I got one with the 6 speed automatic stick shift.The stick shift would do better but not as convenient.
        This will keep up with them beemers If you need to . 
                                                     JLT

zap

  • Hero Member
  • *****
  • Posts: 1116
  • There's an app for that
Re: Some simple math on a Toyota Yaris
« Reply #22 on: June 09, 2012, 07:48:11 AM »

ghurd

  • Global Moderator
  • Super Hero Member Plus
  • *****
  • Posts: 8076
Re: Some simple math on a Toyota Yaris
« Reply #23 on: June 29, 2012, 11:07:33 PM »
I recently got a Prius.
My downgraded primary occupation in recent times involes all city driving.

Prius does better when the motor and battery are "warmed up", though unfortunately for me, they usually are not.
The sweet spot seems to be about 45MPH, with maybe 62MPG driving like a conservative normal human.
Extra super conservative driving in the city will do over 70MPG (PITA, and people would tent to become 'unfriendly' if I drove that way).

My math at the time, based on sticker MPG and US$3.75/G, and 100K miles on 25% highway, showed the savings in gas would pay for 1/3rd of the car, compared to a 'similar' Corrolla.

Pretty sure my driving habits will more make up for the shortfall in the reduced fuel prices.

Plus I just like it better.  It is big on the inside. Leather, backup camera, smart key, lots of glove compartments (some with power ports), aux jack for the awsome stereo in one of the 'glove compartments', seating system allows for some LARGE loads, etc, etc, etc.

For me, it ended up cheaper and much better.
G-
www.ghurd.info<<<-----Information on my Controller

taylorp035

  • Hero Member
  • *****
  • Posts: 1007
  • Country: us
  • Stressed spelled backwards is Desserts
Re: Some simple math on a Toyota Yaris
« Reply #24 on: July 06, 2012, 11:02:50 AM »
I was surprised too with how much space is in a Prius, especially legroom in the front and back.  I wish people would calculate the payoff period for their fuel savings over 100k miles or the life of the car instead of 3-5 years... plus, the prius will hold it's value well for when you decide to sell it.

I've been playing with my driving style while driving to work (21-28 miles round trip, depending on route).  I drive a 97 Jeep Grand Cheerokee Limited with the I-6 4.0L engine.  Under normal  driving, I was getting 18 mpg.  If I keep the speed down and apply the best of my ability to wring out every mpg, I can get 22 mpg.  The lifetime average is about 15.5 mpg, but 95% of it's trips are 5 miles with a 200 foot elevation change in between and lots of stop lights.  Then the fun part is driving the bmw 740 with the 4.4L V8 (800 lbs heavier than the Jeep...) and I can get 25-26 mpg on the same trip on premium gas.

SparWeb

  • SuperHero Member
  • ******
  • Posts: 3105
  • Country: ca
    • Wind Turbine Project Field Notes
Re: Some simple math on a Toyota Yaris
« Reply #25 on: July 08, 2012, 01:37:25 PM »
...Then the fun part is driving the bmw 740 with the 4.4L V8 (800 lbs heavier than the Jeep...) and I can get 25-26 mpg on the same trip on premium gas.

Funny how that happens when comparing very different vehicles.  I've watched fuel economy on my many vehicles for years, and the results are hard to believe.  I still get the same mileage from my 1991 Acura Legend, with its 3.2L V6, than I could from a 2004 Golf hatchback.  Nobody believes me when I tell them this, but I kept the fuel receipts for a year to prove it.  The Golf seemed "optimized" (if you could call it optimization) for California cities.  Here in Calgary, at 3500 feet elevation and long straight highways, I was so far outside the design "box" that the Golf's fuel economy was never better than 30 mpg.  I give the credit to the more advanced computer controlling the fuel injection and timing in the Legend, despite its age, and operating in safe mode now, is still way better than the CHEAP computer in the 13-year younger Golf.  The advantage is especially obvious in winter - a very important non-californian weather condition that makes all manufacturer fuel economy claims in Canada outright LIES.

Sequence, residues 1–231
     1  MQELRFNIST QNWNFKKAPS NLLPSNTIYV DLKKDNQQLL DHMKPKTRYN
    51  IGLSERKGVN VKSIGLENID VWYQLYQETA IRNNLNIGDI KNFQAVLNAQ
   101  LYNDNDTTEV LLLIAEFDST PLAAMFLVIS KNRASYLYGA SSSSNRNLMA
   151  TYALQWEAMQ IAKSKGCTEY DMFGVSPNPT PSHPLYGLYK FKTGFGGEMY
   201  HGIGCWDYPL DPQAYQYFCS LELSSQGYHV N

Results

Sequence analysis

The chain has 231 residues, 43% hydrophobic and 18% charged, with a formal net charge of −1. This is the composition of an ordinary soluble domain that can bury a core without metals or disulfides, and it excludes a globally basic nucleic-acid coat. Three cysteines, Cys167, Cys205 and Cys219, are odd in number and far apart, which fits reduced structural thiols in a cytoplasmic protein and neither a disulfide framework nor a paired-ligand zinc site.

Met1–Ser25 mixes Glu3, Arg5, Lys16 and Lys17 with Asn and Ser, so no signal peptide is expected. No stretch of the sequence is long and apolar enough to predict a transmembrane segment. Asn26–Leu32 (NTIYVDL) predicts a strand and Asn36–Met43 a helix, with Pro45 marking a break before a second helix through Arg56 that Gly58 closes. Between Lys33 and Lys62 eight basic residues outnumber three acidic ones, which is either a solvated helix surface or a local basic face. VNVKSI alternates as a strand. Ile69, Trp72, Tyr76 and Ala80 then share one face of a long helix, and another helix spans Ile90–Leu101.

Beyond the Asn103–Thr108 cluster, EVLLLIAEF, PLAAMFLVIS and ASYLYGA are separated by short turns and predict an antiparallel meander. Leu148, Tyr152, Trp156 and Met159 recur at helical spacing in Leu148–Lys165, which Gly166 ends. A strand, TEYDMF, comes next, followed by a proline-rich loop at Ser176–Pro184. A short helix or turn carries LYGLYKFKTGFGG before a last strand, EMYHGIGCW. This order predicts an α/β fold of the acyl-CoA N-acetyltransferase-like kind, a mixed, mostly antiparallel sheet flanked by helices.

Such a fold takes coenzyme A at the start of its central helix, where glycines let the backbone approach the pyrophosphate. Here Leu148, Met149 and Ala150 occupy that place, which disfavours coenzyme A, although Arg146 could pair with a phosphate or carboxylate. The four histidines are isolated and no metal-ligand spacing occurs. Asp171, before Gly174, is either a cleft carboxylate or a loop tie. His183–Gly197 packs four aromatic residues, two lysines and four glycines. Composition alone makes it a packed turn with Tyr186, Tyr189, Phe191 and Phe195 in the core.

This is all a sore point for me because I'm actually trying to find a good replacement car for the old Legend, however everything I try is either too big or too small.  There is a long list of cars I cannot fit in comfortably (I'm too tall) which eliminates an awful lot of economical cars (be they efficient due to size or due to luxury/performance efforts).
No one believes the theory except the one who developed it.  Everyone believes the experiment except the one who ran it.

System spec: 135w BP multicrystalline panels, regulated by Xantrex C40, DIY 8ft diameter wind turbine, regulated by Tri-Star TS60, 800AH x 24V AGM Battery, Xantrex SW4024

wdyasq

  • Hero Member
  • *****
  • Posts: 1324
Re: Some simple math on a Toyota Yaris
« Reply #26 on: July 08, 2012, 07:05:24 PM »
Quote
My sister and parents live about 250 miles away in the same state. Can't do that with a Leaf.

Sure you can, you just have to start with a full charge and charge it another 2-4 times along the way.  If it only takes 2 hours to get a full charge, that's barely a 4-8 hour lay-over, assuming you can find a fast charger where and when you need it.

What's wrong with that?..too optimistic? lol

Where are you going to find that fast charger? I talked with a Nissan rep and he said the design hadn't been finalized. Although there is ONE I know of in the Dallas/Fort Worth Metromess. I understand the EV charging infrastructure is in its' infancy but, it will be years before one can take a 300 mile trip and not take a day doing it.

Level 1 charging - from a 110V source takes ~18 hours. Level 2 has two 'powers' - one takes ~8 hours and the faster one about 4 hours. This is for a 100% battery charge.

I recently have started 'doing the math' to figure out what vehicle is going to be cheapest to drive. I drive ~30k miles a year.

Candidates that look promising are the Toyota Corolla and Camry, Mazda 3 with 'Skyactive' engine, Volkswagen with TDI, KIA Optima and a few more. I'll pay more for a VW TDI because I am a diesel fan. Mazda MAY be importing a diesel next year.

Cost will include purchase, fuel, oil changes, tires, major services and such. As I tend to drive things over 300,000 miles, 'trade in' recovery of investment is not considered.

Ron
"I like the Honey, but kill the bees"